Once you are done with your high poly, you will want to make your low poly. There are several parts to this for optimal baking performance and results. For the most basic, a lowpoly that doubles as your baking target and game mesh and a high poly is enough. If you want to optimize your baking, you want to have a target mesh, a separate game mesh, a high poly and a cage.
    Now a target mesh has some really special use cases where you want to use one, usually you don’t have to go that far. A cage is not always needed, but is mostly useful for meshes with concave parts where differing ray distances are important. A convex mesh will never have to use a cage.

    General Starting Point

    What is the same for all of those meshes is the topologie (how triangles are arranged on the surface) and the UV coordinates.
    So what you need to do before making separate meshes is to make a low poly and unwrap it.
    If you used my method with Bevel and Subdivision Surface modifiers, you should still have a fairly usable mesh in your high poly, once you go to edit mode. Copy your high poly objects and remove both modifiers. Now go into edit mode and start optimizing your model.
    That means remove any unnecessary polygons and edge loops. You also don’t have to worry about only keeping quads. Both quads and tris are fine now. You also want to remove any nGons, especially on cylinder caps. Replace them either with triangle fans or quad strips. (Triangle fans are more easily constructed, but in most cases quad strips save 2 triangles per round surface.) You don’t have to triangulate your mesh right away manually, you want to do that later on with a modifier. The important thing is, that you end up with a mesh that won’t lose or gain any vertices from now on.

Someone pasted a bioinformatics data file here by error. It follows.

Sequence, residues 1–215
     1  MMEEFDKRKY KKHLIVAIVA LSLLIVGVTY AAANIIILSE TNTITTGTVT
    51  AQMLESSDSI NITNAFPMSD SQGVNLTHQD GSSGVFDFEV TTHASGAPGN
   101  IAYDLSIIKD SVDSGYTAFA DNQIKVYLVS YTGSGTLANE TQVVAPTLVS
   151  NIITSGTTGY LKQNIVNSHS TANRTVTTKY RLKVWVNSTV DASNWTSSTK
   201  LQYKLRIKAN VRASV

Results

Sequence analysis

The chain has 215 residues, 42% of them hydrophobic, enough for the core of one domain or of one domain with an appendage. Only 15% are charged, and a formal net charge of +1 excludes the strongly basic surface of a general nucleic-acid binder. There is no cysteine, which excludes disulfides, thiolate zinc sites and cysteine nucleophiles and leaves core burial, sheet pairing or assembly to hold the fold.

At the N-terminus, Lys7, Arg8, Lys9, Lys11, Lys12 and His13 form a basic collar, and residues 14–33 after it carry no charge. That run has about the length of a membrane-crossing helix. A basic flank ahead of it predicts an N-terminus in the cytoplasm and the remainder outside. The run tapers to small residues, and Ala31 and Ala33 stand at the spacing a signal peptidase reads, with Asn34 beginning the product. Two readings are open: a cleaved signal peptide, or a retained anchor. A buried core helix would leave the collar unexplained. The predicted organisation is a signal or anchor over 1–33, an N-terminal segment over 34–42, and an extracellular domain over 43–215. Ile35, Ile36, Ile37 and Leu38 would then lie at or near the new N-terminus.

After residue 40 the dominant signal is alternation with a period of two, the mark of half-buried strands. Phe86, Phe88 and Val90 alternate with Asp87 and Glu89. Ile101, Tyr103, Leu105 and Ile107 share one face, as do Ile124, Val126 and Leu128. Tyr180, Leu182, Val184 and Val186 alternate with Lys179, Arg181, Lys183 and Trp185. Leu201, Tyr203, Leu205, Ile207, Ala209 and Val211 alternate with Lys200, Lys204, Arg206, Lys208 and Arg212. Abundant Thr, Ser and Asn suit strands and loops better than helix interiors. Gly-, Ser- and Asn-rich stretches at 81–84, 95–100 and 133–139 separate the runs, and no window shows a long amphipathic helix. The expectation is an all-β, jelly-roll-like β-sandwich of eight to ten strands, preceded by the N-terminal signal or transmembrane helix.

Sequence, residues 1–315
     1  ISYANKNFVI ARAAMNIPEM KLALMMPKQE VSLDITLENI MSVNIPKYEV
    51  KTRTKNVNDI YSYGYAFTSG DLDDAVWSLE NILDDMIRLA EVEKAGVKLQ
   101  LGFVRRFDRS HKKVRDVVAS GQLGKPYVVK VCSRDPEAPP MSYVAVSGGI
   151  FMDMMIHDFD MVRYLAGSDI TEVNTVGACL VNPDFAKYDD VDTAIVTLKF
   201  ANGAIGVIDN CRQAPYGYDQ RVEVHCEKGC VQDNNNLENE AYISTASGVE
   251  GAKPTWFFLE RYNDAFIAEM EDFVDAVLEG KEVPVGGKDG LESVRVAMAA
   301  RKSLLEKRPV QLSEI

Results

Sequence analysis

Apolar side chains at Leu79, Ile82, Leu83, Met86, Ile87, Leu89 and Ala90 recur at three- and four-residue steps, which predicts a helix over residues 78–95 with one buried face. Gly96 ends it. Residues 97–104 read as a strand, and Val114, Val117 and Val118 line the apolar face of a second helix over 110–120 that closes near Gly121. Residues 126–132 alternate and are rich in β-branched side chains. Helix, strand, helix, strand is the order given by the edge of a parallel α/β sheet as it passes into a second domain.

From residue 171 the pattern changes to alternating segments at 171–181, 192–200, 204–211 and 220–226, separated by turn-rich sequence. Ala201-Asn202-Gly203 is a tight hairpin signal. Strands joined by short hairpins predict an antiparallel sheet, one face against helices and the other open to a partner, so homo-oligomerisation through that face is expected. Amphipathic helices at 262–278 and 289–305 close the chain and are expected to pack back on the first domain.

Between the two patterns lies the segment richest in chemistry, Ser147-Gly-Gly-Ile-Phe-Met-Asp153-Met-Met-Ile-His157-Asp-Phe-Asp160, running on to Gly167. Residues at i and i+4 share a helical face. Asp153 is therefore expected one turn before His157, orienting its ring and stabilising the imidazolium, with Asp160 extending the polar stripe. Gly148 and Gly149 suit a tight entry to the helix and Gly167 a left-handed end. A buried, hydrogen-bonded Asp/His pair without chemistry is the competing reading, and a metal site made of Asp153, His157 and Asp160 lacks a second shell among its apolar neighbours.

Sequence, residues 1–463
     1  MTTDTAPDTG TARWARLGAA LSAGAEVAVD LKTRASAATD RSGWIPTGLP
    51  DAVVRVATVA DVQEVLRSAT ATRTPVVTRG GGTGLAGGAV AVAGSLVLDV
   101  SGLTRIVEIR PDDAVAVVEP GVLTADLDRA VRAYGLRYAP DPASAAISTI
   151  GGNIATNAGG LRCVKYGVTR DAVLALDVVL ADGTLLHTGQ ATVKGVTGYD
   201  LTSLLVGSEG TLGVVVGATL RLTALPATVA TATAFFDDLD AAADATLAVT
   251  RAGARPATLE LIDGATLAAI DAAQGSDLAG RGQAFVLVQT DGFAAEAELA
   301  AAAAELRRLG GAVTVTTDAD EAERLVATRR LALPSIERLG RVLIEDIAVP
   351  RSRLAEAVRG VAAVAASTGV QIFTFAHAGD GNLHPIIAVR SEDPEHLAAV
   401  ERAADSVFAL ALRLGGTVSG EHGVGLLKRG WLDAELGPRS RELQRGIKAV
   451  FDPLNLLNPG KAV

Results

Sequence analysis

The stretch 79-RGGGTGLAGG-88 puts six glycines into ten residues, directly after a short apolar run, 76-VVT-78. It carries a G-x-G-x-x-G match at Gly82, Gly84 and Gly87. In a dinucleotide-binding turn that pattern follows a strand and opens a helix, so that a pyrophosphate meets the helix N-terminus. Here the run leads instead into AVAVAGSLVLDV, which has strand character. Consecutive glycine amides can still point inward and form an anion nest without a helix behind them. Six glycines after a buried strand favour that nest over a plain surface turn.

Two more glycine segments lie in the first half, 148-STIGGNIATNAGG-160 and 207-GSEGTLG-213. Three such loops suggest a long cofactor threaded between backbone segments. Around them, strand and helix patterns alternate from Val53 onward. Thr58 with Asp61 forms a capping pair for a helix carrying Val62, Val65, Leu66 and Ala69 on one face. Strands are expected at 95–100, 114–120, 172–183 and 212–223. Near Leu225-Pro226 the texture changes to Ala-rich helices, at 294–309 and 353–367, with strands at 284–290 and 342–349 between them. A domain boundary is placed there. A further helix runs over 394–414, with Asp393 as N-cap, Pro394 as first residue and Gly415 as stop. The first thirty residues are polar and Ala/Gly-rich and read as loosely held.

Once you are done with that, start marking UV seams(Ctrl+E->“Mark Seam”) on your mesh.
    If you just simply copied over your objects from your high poly, you can join them together for the next step. It will make the unwrap easier, as you can simply unwrap everything on the same UV map with one command, instead of having to manually push UVs around for every single mesh and additionally try to not make them overlap. Unwrap them (U->”Unwrap”).
    Afterwards separate them again. (Mark the part you want to separate and hit P->”by Selection”).

    Target Mesh Use Cases and Setup

    One of the special use cases for a target mesh is when you have round parts, which are smoothed by your Subdivision Surface modifier. Sometimes it can happen, that your negative ray distance doesn’t reach far enough and will leave holes in your bake. This usually occurs where your edges in the lowpoly are. Those are the farthest away from the high poly mesh.
    To fix that, you can modify your target mesh in that you move the culprit edges further inside your high poly, BUT only along their normals. Otherwise you will get weird normal results. In Blender you can easily do this with Alt+S.